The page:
Egg Lore

Egg Lore

Fresh green leaves, flowers and, in the countryside, baby animals surround us at springtime. Perhaps this seasonal emphasis on new life explains why the egg became an Easter symbol. In cultures from around the world, both past and present, the egg serves as a token of new life. This symbolism extends far beyond Christian lands, and in fact predates the existence of Christianity. Among some Christians, the egg has become an Easter symbol representing the concept of resurrection (for more on the Christian symbolism of eggs, see also Easter Eggs).


In some societies the egg came to represent much more than new life. It became an emblem of the mysterious source from which sprang the world, the universe, and life itself. An ancient Egyptian myth about the creation of the world states that in the beginning the earth god, Geb, joined with the sky goddess, Nut. Together they produced an egg, out of which hatched the entire universe. From this egg also sprang the phoenix, an immortal bird which later became a symbol of Christ. Another Egyptian myth asserts that the creator god, Khnum, took a lump of mud from the Nile river, put it on his potter's wheel, and spun it into an egg. The world emerged from this egg. Another old Egyptian legend recounts that the chief of all the gods, Ptah, sat down before a potter's wheel and created a golden egg out of which hatched the sun and the moon.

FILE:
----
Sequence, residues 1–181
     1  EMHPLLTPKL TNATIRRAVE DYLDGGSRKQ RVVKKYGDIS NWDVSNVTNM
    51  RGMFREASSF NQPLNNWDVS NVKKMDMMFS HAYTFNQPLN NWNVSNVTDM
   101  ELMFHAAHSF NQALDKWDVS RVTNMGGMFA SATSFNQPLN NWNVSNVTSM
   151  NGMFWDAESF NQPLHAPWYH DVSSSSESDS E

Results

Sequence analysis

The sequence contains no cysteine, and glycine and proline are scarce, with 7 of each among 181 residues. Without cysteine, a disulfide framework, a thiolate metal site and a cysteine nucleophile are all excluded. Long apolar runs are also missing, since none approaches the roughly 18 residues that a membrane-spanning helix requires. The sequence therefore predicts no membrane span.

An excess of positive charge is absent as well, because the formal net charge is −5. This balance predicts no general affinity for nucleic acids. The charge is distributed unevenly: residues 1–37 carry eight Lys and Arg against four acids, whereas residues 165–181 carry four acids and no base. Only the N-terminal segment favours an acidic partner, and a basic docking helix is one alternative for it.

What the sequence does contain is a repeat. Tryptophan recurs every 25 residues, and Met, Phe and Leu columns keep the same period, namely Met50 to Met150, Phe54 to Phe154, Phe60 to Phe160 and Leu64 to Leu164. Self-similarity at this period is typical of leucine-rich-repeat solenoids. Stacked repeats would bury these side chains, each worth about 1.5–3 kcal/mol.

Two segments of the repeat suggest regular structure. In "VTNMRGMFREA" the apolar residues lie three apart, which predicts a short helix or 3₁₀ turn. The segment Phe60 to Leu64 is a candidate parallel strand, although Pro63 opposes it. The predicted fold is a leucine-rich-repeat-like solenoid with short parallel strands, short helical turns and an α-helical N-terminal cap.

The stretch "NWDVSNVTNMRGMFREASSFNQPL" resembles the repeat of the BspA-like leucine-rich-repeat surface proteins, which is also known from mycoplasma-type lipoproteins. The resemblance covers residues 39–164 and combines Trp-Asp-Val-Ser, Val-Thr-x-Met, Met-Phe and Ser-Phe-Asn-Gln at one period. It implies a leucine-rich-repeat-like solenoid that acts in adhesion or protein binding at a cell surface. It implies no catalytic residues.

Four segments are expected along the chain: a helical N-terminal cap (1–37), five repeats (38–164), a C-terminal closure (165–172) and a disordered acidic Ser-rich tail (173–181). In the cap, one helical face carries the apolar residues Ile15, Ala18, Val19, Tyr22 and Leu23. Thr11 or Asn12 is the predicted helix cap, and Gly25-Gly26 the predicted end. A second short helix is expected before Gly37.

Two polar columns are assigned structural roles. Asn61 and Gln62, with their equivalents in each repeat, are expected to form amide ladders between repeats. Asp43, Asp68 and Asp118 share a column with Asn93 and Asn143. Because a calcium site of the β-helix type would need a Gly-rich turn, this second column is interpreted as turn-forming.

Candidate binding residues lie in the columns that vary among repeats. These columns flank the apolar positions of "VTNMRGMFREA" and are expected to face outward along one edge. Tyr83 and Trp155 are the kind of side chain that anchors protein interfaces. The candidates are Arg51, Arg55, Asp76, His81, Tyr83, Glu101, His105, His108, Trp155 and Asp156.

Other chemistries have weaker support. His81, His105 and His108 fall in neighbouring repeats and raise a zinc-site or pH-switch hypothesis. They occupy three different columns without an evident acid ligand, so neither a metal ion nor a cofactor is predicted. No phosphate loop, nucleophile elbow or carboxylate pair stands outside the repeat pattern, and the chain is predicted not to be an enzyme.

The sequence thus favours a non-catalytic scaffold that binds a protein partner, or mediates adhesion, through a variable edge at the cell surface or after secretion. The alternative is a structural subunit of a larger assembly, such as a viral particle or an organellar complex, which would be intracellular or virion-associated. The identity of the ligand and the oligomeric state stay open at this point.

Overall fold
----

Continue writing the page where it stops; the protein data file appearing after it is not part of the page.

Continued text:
In ancient India early proponents of the Hindu religion claimed that the "world egg" took shape in the waters of chaos that existed before the creation of the world. The egg gave birth to Prajapati, the father of all the gods, human beings, and other creatures. Another version of the myth states that the egg itself gave birth to the world. One half of the shell became the earth, the other half the sky. In yet another variation of the tale Prajapati creates the world egg from his own sweat. The upper half of the egg encloses the sky and the lower half the earth.

The idea that the world emerged from an egg has also found expression in myths and tales from ancient Greece, Phoenicia, Iran, Indonesia, Latvia, Estonia, Finland, west Africa, Central America, and western South American.

Where did our world come from? How did living creatures come into being? The above legends attempt to answer these questions. Perhaps they represent this process as the hatching of an egg because the egg, which does not appear to be alive itself, eventually breaks open and brings forth new life.

Sacrifice, Fertility, and Magic

Many folk customs concerning eggs emphasize their association with life and with the creation of new life. For example, egg sacrifices have been found in many different cultures. Folklorists speculate that the close association made between eggs and life may have inspired these sacrificial customs, the eggs serving in some way as a substitute for other living creatures. Some European folk traditions taught that the spirits guarding homes, rivers, or other parts of the landscape demanded a sacrifice of eggs before they permitted humans to pass through or dwell there. If they didn't receive this sacrifice, they took revenge by causing accidents and other mishaps.